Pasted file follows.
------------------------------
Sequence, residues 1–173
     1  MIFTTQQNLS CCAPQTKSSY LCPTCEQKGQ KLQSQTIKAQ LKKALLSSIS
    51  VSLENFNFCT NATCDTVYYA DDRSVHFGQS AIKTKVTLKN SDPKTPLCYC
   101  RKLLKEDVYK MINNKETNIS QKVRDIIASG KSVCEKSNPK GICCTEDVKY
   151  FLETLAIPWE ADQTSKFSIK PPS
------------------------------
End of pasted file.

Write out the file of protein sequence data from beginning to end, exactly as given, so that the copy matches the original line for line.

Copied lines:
Sequence, residues 1–173
     1  MIFTTQQNLS CCAPQTKSSY LCPTCEQKGQ KLQSQTIKAQ LKKALLSSIS
    51  VSLENFNFCT NATCDTVYYA DDRSVHFGQS AIKTKVTLKN SDPKTPLCYC
   101  RKLLKEDVYK MINNKETNIS QKVRDIIASG KSVCEKSNPK GICCTEDVKY
   151  FLETLAIPWE ADQTSKFSIK PPS